Value is a cultural element that is also evident in our organization but exists solely within the context of the prioritized goals that are highlighted consistently among leaders, teachers, and students. Jacobs (2009, June 2) stated, “The value of the Professional Networked Learning Collaborative (PNLC) is accomplishing common goals,” and in their achievement, “… converts this value into increasing student achievement” (para. 16).
I believe the cultural elements that currently exist in our organization are an ideal foundation which if expanded and supplemented with non-existent elements could improve collaboration processes among leaders, teachers and students. The cultural elements of collaboration that are not part of our organizational environment include trust, sharing, innovation, environment, collaboration chaos, and communication (Rosen, 2013). Due to the continued high scores on state assessments our school and district leaders have become very protective of the instructional strategies and curriculum development practices.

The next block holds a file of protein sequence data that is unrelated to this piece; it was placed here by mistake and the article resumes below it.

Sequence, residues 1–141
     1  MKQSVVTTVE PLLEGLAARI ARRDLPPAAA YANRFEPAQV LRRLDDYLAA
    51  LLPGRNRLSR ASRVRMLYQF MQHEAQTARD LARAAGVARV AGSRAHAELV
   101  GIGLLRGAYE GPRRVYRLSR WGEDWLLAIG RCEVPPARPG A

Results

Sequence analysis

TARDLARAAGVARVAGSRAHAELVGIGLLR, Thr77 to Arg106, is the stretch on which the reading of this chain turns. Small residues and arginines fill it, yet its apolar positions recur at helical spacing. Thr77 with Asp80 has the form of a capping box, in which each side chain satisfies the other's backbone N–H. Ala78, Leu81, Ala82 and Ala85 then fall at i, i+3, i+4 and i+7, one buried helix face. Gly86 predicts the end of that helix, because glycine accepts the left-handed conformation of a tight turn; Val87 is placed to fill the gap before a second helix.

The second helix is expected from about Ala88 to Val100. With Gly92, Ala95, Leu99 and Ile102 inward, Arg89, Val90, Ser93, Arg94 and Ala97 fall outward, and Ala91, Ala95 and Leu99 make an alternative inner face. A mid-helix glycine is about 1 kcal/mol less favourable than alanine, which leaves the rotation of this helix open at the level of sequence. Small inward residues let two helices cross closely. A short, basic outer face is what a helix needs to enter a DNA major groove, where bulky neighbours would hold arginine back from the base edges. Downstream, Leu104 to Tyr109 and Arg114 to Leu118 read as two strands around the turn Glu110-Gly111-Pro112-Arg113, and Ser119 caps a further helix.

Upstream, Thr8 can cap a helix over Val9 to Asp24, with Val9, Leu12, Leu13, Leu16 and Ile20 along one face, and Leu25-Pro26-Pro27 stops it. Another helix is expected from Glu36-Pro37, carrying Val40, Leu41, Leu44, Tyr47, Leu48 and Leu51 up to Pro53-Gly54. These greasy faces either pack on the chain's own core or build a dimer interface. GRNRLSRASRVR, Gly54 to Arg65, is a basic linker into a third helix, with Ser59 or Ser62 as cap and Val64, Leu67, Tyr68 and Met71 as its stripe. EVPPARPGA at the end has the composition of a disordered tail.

Consequently, trust is an element that is only shared with individuals that share common ideas and have the same instructional vision that is centered on improving scores on state assessments. Jacob (2009, June 2) stated, “To be able to give ideas up to the group for discussion, analysis, re-mix, contribution, and development is a sign of trust” (para. 3). I believe that a change educational focus must occur to expand its vision beyond state assessments in order trust to become a significant element of collaboration within our school.
Sharing is an element that has not been a significant factor in building collaboration in our school due to the limited need to change the current instructional plans and techniques based on current student performance in core subject areas. Jacob (2009, June, 2) stated, “The strength of the Collaborative builds exponentially as the idea is shared with the network” (para. 4). I believe that when our teachers are challenged to create innovative instructional methods such as using web 2. 0 collaboration tools, more sharing of knowledge and skills will occur. Rosen (2013) describes innovation as, “Embracing new approaches” (p. 18).